Designed by Olson Kundig, the cantilevered look features an open-window design throughout. It includes a 500-foot-long, 15% incline hill just outside for athletes to train on. The eight-pane, layered logo at the base of the hill features the names of James’ closest friends and family inscribed along the inner edge of each pane.

“At first, the architecture stood out most,” recalled James. “I was looking up at the building, and it felt like it just kept getting higher, higher and higher.”

Upon entering through the doorway with its golden split “LJ” crown logo, guests take in an expansive entryway, with a basketball hoop-turned-art piece and adjacent cafe. The floor features a series of dots throughout that represent every NBA field goal made by James, who has scored more than 35,000 points over the course of his career.

Dubbed Glo’s Cafe, the first-floor coffee shop and juice bar honors his mother Gloria. A stained glass and painted mural of the Akron-born icon and his mother spans an entire wall, showing her embracing a teenage James clad in his St. Vincent-St. Mary uniform.

“My mom means everything to my journey, everything to my life,” said James. “Everything that she sacrificed for me throughout my life, especially when I was a kid, her dedication to just trying to be excellent, even through adversity, she set me up to be who I am today. Just being able to overcome shortcomings, overcome anything in my life, seeing the things that she had to go through. To see my mom represented in this building, it’s a special thing for me.”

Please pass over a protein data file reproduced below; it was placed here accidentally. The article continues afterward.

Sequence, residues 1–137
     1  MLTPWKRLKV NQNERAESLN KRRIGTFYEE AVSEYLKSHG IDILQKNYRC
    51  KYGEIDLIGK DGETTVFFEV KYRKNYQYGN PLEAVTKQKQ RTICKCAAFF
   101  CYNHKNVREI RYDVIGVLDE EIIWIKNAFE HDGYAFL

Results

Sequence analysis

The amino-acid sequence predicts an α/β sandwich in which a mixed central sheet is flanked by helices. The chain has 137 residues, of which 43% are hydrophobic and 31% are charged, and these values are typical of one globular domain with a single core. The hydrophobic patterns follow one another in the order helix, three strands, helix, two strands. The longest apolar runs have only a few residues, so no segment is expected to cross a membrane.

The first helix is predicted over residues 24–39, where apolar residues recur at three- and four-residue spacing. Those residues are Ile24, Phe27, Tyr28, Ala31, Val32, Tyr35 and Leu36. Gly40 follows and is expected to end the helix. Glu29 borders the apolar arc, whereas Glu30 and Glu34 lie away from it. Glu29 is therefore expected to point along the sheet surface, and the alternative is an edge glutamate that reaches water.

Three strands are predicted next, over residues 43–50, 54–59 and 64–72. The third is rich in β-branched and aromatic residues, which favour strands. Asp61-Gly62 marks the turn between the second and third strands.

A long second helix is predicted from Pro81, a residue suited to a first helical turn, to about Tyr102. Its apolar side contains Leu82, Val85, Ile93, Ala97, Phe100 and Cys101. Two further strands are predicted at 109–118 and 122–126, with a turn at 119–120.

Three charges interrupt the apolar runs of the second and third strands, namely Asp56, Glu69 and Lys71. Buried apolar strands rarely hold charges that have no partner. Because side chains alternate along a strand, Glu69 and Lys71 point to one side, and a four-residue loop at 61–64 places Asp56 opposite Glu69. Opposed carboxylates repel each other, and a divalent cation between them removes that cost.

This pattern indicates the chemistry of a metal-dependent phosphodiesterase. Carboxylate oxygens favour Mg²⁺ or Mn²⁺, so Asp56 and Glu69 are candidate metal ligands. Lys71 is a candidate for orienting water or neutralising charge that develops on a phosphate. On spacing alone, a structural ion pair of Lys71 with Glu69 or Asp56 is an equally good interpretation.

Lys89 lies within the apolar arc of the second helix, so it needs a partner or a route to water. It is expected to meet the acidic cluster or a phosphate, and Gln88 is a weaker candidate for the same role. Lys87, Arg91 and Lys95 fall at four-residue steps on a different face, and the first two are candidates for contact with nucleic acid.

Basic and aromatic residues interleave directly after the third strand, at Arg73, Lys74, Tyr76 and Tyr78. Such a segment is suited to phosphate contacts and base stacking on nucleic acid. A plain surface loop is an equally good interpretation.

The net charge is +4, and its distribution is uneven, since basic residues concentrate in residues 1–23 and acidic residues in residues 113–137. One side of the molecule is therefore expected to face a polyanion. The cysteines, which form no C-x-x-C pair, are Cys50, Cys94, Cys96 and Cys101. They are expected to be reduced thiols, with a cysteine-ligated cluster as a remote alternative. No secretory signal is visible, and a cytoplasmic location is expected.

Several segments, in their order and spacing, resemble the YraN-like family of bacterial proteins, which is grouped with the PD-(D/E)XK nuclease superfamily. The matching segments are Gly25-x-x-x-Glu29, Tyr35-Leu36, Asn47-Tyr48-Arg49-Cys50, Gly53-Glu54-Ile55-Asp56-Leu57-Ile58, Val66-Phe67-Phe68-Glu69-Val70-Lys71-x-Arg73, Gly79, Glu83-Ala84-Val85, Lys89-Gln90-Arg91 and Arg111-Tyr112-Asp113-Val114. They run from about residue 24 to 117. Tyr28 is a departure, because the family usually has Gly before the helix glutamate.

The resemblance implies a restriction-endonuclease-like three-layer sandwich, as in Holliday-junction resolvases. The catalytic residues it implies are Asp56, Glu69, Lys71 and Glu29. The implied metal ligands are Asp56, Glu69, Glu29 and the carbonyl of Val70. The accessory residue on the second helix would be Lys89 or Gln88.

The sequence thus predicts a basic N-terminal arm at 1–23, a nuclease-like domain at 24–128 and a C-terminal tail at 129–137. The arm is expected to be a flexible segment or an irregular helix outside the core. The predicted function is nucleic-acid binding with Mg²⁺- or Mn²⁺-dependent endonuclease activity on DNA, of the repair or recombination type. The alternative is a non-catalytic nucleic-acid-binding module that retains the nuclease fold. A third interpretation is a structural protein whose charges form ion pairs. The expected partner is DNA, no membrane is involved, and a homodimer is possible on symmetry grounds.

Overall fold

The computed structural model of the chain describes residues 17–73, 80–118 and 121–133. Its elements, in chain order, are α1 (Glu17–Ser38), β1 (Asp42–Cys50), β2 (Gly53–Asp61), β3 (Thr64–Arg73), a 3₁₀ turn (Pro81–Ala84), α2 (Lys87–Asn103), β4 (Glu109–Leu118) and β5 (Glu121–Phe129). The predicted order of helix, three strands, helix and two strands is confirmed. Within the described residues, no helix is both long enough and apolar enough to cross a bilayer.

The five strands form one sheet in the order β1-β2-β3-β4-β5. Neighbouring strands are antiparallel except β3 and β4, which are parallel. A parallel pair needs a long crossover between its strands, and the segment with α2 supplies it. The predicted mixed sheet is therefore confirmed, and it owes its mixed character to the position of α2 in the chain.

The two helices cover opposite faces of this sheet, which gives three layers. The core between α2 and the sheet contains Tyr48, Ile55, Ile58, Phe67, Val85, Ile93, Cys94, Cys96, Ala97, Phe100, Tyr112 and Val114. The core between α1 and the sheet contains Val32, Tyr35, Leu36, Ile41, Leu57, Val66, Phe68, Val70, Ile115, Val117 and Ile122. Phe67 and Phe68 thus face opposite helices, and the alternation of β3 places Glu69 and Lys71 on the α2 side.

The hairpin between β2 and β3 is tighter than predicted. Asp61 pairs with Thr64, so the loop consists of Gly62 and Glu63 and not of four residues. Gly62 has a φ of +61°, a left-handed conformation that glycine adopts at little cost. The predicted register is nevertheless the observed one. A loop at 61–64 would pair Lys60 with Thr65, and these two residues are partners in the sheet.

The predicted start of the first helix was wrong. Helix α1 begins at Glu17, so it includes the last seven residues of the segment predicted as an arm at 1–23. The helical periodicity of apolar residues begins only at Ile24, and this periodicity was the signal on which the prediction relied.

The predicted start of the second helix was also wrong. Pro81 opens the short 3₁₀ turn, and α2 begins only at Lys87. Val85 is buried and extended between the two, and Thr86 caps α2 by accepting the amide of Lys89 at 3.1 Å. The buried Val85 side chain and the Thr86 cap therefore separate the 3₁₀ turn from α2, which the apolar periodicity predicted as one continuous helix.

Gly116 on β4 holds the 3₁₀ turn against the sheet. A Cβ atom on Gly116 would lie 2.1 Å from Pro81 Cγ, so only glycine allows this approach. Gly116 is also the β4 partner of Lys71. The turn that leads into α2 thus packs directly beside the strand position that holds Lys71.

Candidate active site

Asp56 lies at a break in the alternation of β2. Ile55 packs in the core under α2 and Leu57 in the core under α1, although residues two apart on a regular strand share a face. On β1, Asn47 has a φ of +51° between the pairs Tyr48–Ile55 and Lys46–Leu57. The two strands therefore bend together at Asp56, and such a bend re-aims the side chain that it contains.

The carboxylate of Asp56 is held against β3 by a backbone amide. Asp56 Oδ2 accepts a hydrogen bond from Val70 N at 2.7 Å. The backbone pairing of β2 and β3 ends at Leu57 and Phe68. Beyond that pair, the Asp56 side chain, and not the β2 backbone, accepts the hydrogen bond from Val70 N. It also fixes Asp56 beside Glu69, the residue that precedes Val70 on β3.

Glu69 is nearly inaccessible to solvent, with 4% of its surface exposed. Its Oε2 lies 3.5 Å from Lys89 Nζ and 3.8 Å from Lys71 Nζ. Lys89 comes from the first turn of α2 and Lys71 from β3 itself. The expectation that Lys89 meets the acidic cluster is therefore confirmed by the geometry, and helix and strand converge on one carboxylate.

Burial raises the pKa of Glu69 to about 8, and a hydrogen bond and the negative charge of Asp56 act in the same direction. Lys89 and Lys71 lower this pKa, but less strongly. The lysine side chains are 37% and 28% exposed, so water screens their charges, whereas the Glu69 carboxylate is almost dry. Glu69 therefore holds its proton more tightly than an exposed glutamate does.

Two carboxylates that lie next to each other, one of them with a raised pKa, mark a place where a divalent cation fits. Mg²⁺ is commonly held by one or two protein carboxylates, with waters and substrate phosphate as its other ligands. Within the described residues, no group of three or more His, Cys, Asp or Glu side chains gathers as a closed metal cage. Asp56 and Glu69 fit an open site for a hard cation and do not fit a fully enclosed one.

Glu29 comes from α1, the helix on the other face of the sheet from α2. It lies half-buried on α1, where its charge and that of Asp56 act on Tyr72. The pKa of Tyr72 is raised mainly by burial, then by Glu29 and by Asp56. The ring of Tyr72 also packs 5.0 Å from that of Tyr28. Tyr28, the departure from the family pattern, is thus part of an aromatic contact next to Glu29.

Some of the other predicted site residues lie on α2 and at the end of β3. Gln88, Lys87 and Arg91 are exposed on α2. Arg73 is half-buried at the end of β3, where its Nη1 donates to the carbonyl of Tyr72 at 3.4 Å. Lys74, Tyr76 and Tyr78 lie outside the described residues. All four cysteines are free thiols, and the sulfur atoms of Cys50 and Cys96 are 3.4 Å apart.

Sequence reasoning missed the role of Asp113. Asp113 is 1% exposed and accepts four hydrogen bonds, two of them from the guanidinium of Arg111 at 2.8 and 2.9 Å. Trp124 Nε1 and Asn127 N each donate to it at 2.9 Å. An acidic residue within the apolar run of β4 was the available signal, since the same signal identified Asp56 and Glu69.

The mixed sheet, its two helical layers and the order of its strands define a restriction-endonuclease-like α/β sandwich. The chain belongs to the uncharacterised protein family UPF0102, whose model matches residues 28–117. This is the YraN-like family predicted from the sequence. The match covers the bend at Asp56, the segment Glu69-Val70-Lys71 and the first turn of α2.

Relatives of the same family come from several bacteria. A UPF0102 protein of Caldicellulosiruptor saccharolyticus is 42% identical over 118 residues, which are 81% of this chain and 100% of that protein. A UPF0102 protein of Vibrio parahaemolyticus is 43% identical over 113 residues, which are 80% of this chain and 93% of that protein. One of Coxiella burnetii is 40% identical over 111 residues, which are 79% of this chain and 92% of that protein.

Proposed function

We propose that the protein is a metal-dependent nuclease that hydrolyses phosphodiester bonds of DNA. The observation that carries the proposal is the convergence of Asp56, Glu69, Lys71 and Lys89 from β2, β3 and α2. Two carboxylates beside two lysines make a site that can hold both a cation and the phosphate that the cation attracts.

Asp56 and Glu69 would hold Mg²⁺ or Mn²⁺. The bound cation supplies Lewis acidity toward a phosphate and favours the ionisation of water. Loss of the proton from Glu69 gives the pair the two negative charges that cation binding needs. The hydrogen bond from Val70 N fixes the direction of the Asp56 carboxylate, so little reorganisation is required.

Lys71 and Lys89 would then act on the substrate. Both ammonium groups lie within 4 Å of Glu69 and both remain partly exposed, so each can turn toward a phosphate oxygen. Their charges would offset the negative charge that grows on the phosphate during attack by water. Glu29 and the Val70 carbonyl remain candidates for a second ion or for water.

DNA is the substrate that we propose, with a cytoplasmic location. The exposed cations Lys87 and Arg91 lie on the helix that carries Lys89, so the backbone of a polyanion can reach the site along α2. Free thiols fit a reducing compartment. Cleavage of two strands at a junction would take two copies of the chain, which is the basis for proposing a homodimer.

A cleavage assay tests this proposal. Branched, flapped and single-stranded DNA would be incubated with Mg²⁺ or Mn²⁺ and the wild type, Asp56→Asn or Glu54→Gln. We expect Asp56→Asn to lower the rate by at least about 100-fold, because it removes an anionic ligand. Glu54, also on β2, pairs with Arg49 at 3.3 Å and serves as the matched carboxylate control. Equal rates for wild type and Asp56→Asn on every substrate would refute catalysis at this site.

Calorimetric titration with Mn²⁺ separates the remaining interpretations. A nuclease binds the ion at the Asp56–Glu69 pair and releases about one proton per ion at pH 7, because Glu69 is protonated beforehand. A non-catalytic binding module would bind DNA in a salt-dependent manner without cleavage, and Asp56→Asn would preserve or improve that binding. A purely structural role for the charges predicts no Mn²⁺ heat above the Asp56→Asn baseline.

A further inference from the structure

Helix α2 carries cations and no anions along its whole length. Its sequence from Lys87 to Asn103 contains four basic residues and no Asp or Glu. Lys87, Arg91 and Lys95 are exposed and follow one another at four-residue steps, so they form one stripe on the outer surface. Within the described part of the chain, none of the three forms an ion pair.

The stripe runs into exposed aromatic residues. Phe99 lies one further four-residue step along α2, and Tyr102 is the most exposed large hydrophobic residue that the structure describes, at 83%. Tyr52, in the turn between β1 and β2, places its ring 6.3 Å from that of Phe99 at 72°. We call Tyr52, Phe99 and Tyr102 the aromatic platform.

While a team of brand executives is also based on the ground floor, it’s the upper floors where the space begins to highlight the technology and innovation that Nike hopes can continue to provide a competitive advantage.

“What makes this place incredibly unique, which I have yet to see anywhere else on the planet, is we have science and art beside each other,” said Matthew Nurse, vice president of the Nike Explore Team Sport Research Lab. “I would put the team here in the lab up against any other team on the planet.”

Longtime Nike designers Tinker Hatfield and Eric Avar often described their approach to creating footwear as “the blend of art and science,” a mission the brand is looking to continue as it houses employees from both backgrounds.

Digital innovation and smart system teams work on the second floor, and the third floor houses the footwear and apparel innovation teams and their concept creation center. More than 80 machines used for prototyping, lasting and heat-fusing equipment allow designers and developers to create fully functioning sneaker samples on the spot that athletes can then take to the fourth floor.

Now dubbed the new Nike Sport Research Lab, the top floor of the LeBron Center incorporates an expansive maze of regulation sports courts, running tracks and playing fields. The collective of 75 science, movement and physiology specialists based on the top floor boasts a combined 25 doctorates and 40 master’s degrees.

Leave a Comment

Your email address will not be published. Required fields are marked *